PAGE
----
Avoiding Impact Washing, Hero Worship and Other Ethical Marketing Pitfalls: A Q&A with Justin Belleme
Impact washing and hero worship: These are two major pitfalls to avoid when it comes to marketing a mission-oriented business. It can be easy to spot extreme examples of either case. For instance, we’ve all rolled our eyes at do-good, eco-friendly messages from oil companies trying to boost their public image after they’ve befouled a region. And it’s common to see exploitative commercials depicting an impoverished village “saved” by a novel innovation delivered by a good-hearted Western entrepreneur. When it comes to marketing, tone matters – so does sensitivity, accuracy and content. There are myriad factors to consider in any campaign and strategy, along with a cornucopia of digital tactics at one’s disposal these days.
So how do impact-focused businesses market what they do without succumbing to these two tendencies? I asked digital marketing expert Justin Belleme about these and other thorny marketing questions in a recent interview. Belleme is the director of strategy at JB Media Group, which he founded in April 2011. Whether you’re familiar with his firm’s name or not, if you’ve attended the Social Capital Markets Conference (SOCAP), chances are that you’ve interacted with them. JB Media has handled SOCAP’s marketing efforts for five years now, and itself is one of the few marketing agencies with a B Corp certification, which it received in 2017. (NOTE: NextBillion is a SOCAP media partner and our readers can take advantage of a registration discount until this Friday, Oct. 4 – use the code MP_NextBillion when registering.)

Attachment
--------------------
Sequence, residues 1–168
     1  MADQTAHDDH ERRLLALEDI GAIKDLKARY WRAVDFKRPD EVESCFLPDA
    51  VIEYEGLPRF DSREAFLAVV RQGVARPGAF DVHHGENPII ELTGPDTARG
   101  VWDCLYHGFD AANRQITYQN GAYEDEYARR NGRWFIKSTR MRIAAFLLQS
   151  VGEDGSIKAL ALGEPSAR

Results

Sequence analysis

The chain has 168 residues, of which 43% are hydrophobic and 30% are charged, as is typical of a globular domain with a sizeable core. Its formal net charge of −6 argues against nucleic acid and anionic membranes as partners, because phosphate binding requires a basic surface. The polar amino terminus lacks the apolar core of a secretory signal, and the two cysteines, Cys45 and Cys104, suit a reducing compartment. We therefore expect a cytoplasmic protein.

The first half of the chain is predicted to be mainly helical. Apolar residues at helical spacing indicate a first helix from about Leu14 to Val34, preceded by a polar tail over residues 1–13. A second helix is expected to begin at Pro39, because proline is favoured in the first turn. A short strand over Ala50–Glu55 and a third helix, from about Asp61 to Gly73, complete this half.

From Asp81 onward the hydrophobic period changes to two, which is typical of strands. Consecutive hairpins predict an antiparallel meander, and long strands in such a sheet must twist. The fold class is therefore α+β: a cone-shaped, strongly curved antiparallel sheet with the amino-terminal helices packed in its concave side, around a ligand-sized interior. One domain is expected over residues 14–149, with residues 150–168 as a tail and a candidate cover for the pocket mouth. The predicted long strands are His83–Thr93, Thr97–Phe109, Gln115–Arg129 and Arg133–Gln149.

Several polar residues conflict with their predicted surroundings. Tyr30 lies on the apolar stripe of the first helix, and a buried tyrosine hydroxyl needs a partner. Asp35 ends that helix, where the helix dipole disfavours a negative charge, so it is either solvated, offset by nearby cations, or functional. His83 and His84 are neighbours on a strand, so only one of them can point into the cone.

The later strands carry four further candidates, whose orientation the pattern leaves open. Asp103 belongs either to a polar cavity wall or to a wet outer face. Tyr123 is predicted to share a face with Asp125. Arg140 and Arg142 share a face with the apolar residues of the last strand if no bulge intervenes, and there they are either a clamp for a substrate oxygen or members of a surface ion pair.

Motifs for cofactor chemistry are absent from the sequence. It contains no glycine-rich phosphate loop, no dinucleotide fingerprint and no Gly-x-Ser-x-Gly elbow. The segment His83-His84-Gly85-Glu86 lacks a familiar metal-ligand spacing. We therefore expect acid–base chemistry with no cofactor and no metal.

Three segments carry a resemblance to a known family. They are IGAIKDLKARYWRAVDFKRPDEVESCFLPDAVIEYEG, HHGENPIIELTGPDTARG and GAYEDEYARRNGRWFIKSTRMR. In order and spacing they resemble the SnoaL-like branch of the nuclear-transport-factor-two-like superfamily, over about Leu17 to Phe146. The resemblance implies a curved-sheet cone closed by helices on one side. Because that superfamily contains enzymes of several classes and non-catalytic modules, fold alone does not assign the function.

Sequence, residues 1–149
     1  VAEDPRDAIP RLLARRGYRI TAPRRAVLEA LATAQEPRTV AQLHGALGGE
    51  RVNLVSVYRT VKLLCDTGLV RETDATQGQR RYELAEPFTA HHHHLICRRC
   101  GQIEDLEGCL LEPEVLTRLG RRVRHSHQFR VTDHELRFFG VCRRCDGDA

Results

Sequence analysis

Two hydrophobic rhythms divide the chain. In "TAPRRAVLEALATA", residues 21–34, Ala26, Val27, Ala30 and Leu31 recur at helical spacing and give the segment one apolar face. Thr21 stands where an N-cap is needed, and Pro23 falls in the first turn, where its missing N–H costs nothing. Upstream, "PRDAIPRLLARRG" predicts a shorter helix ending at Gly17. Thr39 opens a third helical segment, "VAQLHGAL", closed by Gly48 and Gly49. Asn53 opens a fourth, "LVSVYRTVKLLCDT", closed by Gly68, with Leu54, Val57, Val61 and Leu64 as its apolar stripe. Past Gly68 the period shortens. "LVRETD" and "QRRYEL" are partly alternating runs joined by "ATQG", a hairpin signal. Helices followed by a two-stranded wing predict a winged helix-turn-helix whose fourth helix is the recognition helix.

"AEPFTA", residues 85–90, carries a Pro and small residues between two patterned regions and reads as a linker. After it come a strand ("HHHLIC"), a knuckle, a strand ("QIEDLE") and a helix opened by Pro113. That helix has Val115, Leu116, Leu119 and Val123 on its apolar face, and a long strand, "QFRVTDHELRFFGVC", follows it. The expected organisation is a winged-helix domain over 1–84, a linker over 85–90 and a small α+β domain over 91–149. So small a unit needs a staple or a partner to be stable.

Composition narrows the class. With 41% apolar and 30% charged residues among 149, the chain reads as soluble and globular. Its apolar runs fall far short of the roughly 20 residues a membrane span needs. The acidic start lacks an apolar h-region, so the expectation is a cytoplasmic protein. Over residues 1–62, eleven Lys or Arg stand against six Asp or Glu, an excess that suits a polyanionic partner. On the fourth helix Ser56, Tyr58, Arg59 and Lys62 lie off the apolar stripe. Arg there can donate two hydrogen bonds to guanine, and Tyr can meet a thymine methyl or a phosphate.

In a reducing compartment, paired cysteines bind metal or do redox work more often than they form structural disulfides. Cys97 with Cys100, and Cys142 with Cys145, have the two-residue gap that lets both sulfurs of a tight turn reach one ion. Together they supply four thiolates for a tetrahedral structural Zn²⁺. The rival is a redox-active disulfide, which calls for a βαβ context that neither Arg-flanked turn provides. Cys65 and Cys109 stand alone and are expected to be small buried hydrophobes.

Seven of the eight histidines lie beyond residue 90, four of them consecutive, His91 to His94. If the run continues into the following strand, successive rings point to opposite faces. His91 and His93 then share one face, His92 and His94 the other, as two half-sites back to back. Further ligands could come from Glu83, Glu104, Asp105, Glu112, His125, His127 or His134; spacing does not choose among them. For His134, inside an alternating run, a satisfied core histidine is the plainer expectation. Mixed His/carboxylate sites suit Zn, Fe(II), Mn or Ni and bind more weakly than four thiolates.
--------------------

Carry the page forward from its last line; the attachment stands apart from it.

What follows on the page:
In addition to SOCAP, the Asheville, NC firm’s clients include Acumen, Ashoka, B Lab and the Global Impact Investing Network (GIIN). In addition to marketing and communications, JB Media also provides digital advertising and search engine optimization services, as well as several workshops through its institute.
Scott Anderson: There’s a tendency to think that “good marketing is good marketing.” But, at least in my view, social entrepreneurs and impact investors have a more difficult job when it comes to marketing and branding, given their mission-oriented approach. Why and how do these types of businesses need to approach marketing with a different mindset?
Justin Belleme: I don’t necessarily think that marketing impact ventures or investments is “more difficult.” From my perspective, impact ventures have unique opportunities and challenges. Marketing is inherently about creating and projecting an image via messaging and storytelling, to help convince a target audience to take a specific action.
Marketing is performed through a wide range of strategies, tactics and platforms. All three of these areas have potential ethical pitfalls, even for the well-intentioned marketer. On the strategy side we look at honestly, cultural sensitivity and accurately communicating impact (avoiding impact washing) as key ethical elements. Traditional ventures often create impact initiatives or corporate social responsibility campaigns to create a positive story to tell within their marketing. At times, if this is used to cover up negative social or environmental outcomes in other areas of their business, we call this impact washing. Most impact-focused ventures are designed with a positive outcome at the core of their business model, so are less likely to run into this issue. However, many social entrepreneurs are so close to their impact work that they cannot see the best ways to share their story in ways that will resonate with their target audiences.